Do Music Royalties Offer a Compelling Alternative Investment Opportunity?

Over a decade ago, I founded an early-stage, venture-backed company in the music technology space. At the time, the music industry was undergoing a seismic shift with the emergence of the iPhone, the growing popularity of streaming platforms like Spotify, and the rise of software that gave anyone with a computer the ability to create chart-topping hits without picking up a physical instrument. In fact, I came to befriend a group of songwriters and producers from Virginia who have become some of the most successful in the world with over 30 combined #1 hits, often without touching a physical instrument. With these shifts, the music business has changed considerably over the last decade, shifting balances of power across the entire ecosystem.

In October 2023, we published an article detailing lessons on owning a professional sports team, which outlined the niche investment opportunity in that alternative asset class. This week, we will explore the investment merits of another niche alternative asset class: music royalties. Since this concept is likely unfamiliar to many, we will start by providing a high-level overview before shifting to a brief discussion on the investment merits of the asset class.

What are Music Royalties?
At a high level, music royalties are compensatory payments received by rights holders (recording artists, songwriters, producers, labels, etc.) in exchange for their music licensing. These royalties are paid out by institutions that use the music (advertisers, radio stations, streaming platforms, etc.) to rights holders via intermediaries that collect royalty payments on their behalf. While that may seem straightforward, the music royalty business is notoriously complicated and involves many players who typically have partial ownership of copyrights of a song or record. This can include recording artists, producers, songwriters, record labels, publishers, and intermediaries, all with stakes in the revenue streams. Moreover, multiple layers of deals and calculations determine exactly what each party takes home, further complicating matters.

Do Music Royalties Offer a Compelling Private Equity Investment Opportunity?

While the music royalty business is inherently complex, viewing each song as an intellectual property (IP) asset reveals their potential to offer rights holders significant, predictable income over a long period.

Despite the disruption caused by streaming platforms, which often receive a bad rap from industry insiders, they have brought greater stability and predictability to music royalty cash flows from an investment perspective. As a result, there is increased confidence in owning music IP assets and the royalty income derived from them.

Typically, at the song level, music royalty income experiences its highest returns within the first year of a song's release. Subsequently, income declines to lower levels over the next 5-10 years. However, thereafter, the remaining "tail" of income remains relatively stable and predictable.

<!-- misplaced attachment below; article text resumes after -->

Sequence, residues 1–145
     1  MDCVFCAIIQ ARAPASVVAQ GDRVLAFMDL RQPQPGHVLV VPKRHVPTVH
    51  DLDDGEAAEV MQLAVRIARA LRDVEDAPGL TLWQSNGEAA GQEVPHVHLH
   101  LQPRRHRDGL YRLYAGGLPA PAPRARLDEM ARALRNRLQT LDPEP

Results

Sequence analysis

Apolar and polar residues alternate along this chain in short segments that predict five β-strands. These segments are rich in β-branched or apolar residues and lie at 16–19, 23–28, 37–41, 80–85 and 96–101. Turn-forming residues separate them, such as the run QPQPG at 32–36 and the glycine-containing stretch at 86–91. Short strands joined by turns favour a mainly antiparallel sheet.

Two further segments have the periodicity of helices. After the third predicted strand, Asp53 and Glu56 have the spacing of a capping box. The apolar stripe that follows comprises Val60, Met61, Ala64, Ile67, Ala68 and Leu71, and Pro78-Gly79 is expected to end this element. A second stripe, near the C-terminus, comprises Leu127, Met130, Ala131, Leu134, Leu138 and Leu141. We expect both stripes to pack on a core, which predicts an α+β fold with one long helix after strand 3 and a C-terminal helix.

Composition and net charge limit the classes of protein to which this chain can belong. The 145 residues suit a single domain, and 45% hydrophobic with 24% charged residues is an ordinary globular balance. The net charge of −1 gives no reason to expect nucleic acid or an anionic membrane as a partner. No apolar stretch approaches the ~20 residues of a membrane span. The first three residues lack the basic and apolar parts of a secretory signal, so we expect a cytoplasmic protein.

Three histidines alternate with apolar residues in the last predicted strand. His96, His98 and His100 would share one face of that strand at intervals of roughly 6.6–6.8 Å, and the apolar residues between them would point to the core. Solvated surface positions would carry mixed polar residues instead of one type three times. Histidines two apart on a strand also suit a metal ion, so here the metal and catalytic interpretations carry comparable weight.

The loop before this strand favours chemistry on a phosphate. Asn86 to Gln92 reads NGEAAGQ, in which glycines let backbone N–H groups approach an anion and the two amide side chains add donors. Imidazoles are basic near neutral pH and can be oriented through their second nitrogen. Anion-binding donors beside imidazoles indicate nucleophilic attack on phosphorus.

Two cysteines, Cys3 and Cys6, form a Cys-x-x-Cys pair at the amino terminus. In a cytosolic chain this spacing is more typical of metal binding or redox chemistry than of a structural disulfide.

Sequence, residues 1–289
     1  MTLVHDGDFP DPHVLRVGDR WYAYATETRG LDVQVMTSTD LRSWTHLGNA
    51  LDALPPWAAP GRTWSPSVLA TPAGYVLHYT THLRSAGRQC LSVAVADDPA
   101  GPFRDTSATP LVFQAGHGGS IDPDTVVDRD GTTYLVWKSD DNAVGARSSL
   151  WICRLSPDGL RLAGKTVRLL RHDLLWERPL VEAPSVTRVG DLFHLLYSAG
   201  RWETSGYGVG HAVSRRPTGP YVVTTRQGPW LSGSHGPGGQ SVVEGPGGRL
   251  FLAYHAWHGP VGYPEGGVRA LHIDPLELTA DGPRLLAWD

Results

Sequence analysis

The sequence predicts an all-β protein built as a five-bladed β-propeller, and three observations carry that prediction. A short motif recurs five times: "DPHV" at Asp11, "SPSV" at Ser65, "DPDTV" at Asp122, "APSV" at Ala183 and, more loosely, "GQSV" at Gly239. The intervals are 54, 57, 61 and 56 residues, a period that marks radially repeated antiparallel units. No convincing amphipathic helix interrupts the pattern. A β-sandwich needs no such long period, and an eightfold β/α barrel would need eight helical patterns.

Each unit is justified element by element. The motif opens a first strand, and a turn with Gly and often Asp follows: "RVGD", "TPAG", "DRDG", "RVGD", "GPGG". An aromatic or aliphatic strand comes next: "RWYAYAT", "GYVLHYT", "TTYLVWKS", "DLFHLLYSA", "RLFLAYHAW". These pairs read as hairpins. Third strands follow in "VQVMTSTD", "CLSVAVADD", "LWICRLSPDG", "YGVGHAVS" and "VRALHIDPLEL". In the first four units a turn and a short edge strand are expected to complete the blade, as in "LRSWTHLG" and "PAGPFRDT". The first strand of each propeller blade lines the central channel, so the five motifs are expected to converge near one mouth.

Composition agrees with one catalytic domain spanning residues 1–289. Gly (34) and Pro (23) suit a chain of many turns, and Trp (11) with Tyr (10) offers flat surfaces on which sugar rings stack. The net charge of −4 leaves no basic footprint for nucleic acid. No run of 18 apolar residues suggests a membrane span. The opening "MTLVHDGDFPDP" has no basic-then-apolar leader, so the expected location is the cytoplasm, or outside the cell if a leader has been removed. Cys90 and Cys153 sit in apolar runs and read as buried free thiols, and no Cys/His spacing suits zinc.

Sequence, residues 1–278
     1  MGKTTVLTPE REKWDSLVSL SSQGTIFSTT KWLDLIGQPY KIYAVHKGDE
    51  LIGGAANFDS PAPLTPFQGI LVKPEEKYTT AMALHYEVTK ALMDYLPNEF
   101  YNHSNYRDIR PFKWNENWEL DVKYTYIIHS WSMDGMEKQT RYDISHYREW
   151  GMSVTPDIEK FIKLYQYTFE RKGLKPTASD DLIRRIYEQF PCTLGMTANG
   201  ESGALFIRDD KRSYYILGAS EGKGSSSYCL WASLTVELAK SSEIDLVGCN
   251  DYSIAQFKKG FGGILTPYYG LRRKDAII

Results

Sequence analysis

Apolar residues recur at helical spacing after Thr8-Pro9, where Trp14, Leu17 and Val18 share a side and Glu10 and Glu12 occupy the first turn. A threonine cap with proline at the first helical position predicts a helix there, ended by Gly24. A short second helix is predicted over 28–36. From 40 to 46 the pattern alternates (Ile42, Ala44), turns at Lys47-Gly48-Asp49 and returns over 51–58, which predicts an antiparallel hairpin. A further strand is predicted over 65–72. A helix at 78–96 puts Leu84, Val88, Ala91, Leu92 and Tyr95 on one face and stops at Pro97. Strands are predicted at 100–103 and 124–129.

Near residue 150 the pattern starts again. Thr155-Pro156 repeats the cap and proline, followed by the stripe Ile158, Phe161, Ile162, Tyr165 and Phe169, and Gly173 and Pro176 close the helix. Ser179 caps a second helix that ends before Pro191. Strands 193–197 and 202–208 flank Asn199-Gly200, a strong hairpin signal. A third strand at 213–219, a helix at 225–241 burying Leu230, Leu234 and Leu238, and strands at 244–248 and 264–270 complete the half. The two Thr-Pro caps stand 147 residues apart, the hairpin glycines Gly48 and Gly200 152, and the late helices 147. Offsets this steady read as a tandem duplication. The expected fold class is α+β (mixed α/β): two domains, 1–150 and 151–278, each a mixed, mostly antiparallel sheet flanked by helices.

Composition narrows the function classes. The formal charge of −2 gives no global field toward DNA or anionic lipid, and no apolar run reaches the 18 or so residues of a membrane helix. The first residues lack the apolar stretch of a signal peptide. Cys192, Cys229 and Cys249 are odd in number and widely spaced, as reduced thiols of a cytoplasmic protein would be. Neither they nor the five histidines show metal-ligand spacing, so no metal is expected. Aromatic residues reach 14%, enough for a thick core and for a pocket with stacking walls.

Another significant benefit of owning a stake in music IP assets is their low correlation with markets. In general, the music royalties business offers a unique combination of stable recurring income, attractive yields, and low correlation to broader macroeconomic conditions.

However, it's essential to recognize that music royalty income isn’t fixed. As mentioned earlier, music royalty cash flows for a song almost always decline over time. Thus, ensuring that you’re not overpaying for the asset is particularly important when seeking to maximize yield. Additionally, technology and regulatory risks could significantly impact this asset class in the future.

Another emerging trend in the music industry is artists taking back control over their music by rerecording and releasing songs/albums. Taylor Swift is the most notable example of this, as she publicly criticized Scooter Braun for acquiring the rights to some of her music before selling them to an investment consortium. By rerecording many of her songs, Swift now owns the copyright to all the new recordings. If this emerging trend gains broader traction, it’s conceivable that it could disrupt how investors view this asset class.

In conclusion, while the music royalty business provides a unique opportunity to own IP assets with stable recurring income and low correlation to the macroeconomic environment, the landscape is complex. It requires a deep understanding of the industry.

If you’re an Evergreen Gavekal client interested in learning more about private market opportunities, including investment opportunities in niche and non-correlated assets, please contact your wealth consultant.

Disclosure: Private market opportunities often require investors to meet investor certain qualification levels such as Accredited Investor, Qualified Client, and/or Qualified Purchaser.  Private market investments are not suitable for all investors.

Michael Johnston

Tech Contributor

DISCLOSURE: This material has been prepared or is distributed solely for informational purposes only and is not a solicitation or an offer to buy any security or instrument or to participate in any trading strategy. Any opinions, recommendations, and assumptions included in this presentation are based upon current market conditions, reflect our judgment as of the date of this presentation, and are subject to change. Past performance is no guarantee of future results. All investments involve risk including the loss of principal. All material presented is compiled from sources believed to be reliable, but accuracy cannot be guaranteed and Evergreen makes no representation as to its accuracy or completeness. Securities highlighted or discussed in this communication are mentioned for illustrative purposes only and are not a recommendation for these securities. Ever

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